Most of us learn about social media from the school of hard clicks. We Stumbleupon sites…download apps…subscribe to blogs…read and bookmark cases…tweet out links…test our ideas…and gain a working knowledge along the way.
And now there are also academic courses if you’re looking to understand social media in a more formalized environment (plug alert).
This fall on September 11 (not the greatest date to begin anything) and continuing for 14 Saturdays, I’ll be at McMaster University teaching a course in social media for PR. It’s the second time I’m offering it.
The class combines communications theory with practical instruction in social media tools in order to get a strategic grounding in them. We learn by listening, sharing, tweeting, discussing, collaborating, analysing and doing.
First day starts with an overview of where we are in the social space including getting the whole class on Twitter (under the hashtag #macsocmed). I’ll also be introducing the students to the blogs of some of the more influential PR and marketing thought leaders.
The core assignment for students is creating a blog about a subject they’re passionate about and then researching, writing and editing posts, adding links, visuals and video and building and engaging a community. Last year reading and discussing the blogs, which ranged from local politics to corporate social responsibility to moving into and renovating your first house to finding a job, was one of my favourite parts of the course.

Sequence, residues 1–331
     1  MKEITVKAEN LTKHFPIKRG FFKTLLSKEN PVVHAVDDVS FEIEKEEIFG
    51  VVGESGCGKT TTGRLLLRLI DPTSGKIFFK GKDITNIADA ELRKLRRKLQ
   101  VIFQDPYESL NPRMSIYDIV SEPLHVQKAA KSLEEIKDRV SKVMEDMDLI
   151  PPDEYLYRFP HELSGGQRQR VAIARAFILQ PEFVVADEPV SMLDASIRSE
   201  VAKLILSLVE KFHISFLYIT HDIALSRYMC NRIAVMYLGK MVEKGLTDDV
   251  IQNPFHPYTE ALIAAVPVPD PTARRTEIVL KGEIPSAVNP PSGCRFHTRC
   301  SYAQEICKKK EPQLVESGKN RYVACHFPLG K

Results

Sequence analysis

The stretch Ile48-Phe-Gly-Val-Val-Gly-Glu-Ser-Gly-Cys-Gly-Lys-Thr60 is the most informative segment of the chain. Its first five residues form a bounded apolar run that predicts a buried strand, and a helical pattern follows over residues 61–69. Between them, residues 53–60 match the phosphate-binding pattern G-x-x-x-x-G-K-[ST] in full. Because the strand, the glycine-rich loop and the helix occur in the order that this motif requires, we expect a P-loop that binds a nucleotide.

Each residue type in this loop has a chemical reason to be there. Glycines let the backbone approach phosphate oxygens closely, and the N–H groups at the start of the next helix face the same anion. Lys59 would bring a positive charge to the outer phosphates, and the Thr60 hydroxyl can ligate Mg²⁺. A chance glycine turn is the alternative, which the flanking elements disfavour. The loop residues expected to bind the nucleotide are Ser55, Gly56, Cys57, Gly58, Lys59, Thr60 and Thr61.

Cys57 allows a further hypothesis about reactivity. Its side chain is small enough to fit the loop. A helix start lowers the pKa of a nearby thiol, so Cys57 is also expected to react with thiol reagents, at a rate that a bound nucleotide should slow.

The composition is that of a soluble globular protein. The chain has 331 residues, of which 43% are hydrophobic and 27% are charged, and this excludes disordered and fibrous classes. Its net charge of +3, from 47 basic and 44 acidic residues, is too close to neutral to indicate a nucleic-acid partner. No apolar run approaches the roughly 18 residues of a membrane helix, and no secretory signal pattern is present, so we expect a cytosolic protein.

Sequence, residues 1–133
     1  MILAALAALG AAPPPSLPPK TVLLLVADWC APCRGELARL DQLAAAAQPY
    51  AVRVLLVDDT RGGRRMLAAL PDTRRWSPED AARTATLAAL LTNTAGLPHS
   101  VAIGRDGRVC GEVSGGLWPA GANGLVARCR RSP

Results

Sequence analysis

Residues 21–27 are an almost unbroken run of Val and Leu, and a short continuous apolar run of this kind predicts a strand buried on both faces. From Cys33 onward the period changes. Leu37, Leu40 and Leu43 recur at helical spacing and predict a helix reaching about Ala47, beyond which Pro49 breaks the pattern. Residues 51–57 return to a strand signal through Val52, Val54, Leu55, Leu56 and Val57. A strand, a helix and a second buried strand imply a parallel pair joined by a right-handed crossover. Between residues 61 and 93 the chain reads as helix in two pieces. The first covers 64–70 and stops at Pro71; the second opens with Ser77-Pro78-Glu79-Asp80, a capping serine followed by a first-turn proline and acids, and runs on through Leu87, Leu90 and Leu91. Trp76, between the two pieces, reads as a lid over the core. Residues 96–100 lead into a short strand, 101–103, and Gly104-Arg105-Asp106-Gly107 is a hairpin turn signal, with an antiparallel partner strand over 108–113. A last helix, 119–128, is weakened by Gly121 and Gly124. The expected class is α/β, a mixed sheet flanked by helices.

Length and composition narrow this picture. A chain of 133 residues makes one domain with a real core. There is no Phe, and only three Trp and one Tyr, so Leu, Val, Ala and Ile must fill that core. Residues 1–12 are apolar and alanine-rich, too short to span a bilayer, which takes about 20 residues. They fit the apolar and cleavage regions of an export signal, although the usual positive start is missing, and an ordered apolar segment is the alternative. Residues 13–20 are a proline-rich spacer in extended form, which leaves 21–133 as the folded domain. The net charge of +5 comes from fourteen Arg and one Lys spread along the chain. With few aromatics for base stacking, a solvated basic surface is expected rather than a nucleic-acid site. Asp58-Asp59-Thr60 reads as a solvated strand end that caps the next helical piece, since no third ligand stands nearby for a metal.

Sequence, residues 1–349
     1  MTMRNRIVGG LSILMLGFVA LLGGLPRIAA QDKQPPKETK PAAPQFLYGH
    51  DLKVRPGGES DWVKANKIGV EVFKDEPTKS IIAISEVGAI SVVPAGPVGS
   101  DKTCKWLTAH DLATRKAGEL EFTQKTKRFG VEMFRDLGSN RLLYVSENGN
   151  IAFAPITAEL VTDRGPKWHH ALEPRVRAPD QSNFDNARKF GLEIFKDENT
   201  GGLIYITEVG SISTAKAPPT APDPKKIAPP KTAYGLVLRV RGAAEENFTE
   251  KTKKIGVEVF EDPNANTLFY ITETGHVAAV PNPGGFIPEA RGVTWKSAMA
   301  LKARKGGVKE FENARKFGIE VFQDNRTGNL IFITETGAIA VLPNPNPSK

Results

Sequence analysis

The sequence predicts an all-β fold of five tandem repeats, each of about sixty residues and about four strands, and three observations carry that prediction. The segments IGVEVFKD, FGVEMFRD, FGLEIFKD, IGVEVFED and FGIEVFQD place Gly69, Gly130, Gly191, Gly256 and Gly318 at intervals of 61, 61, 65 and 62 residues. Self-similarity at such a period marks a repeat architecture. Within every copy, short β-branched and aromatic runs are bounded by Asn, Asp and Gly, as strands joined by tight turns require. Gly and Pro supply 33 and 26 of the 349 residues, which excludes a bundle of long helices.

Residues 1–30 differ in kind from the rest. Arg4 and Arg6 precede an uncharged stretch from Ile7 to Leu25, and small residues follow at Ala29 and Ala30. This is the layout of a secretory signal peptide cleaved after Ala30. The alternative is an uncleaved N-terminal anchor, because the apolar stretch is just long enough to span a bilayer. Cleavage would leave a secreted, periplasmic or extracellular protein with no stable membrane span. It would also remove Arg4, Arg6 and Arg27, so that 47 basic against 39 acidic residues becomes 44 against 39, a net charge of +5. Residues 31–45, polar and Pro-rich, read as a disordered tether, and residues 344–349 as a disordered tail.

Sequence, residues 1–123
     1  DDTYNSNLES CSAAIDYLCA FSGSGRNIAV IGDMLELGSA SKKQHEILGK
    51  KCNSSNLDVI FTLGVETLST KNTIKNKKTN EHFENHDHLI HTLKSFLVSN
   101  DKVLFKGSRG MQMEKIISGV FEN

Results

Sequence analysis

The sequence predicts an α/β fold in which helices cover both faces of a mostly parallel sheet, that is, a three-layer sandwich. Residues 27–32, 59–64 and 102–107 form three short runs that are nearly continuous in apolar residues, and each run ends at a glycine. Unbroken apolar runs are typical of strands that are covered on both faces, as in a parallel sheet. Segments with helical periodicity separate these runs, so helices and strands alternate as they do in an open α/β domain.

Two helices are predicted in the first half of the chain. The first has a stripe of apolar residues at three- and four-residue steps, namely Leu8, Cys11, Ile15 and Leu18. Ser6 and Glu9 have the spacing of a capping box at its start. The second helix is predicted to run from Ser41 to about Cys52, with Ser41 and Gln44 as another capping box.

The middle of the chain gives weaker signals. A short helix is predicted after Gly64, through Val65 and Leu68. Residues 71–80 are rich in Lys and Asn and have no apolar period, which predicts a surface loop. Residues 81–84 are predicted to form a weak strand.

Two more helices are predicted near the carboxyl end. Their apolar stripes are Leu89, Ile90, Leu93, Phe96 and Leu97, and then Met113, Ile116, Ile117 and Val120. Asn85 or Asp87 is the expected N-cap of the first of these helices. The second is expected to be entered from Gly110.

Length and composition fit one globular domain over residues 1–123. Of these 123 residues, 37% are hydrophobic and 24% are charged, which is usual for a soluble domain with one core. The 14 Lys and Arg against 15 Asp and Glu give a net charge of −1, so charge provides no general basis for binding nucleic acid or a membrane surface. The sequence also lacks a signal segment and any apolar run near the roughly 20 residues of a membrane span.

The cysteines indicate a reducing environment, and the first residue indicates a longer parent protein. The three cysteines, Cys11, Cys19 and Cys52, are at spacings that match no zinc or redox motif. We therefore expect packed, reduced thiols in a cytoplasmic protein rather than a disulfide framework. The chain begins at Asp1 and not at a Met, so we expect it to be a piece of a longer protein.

Once the students have found their blog voices, I’ll introduce them and share some of our collective learnings and observations. I’ll also be asking you for your thoughts from time to time.
Here’s where you go for more information on the class and how to sign up.
It’s Saturday morning (9 am to noon) and worth the drive to Hamilton (I hope).
On Inside PR #2.17, Gini Dietrich and I talked about ghost blogging, a subject that has been haunting the blogosphere for a long time. Much has been written about the ethics surrounding it. It’s a debate about authorship and authority. If your name appears on a blog, you should be the person who writes it. Of course there are exceptions, like clearly identified guest posts, but other than that, the ‘rules’ are pretty rigid.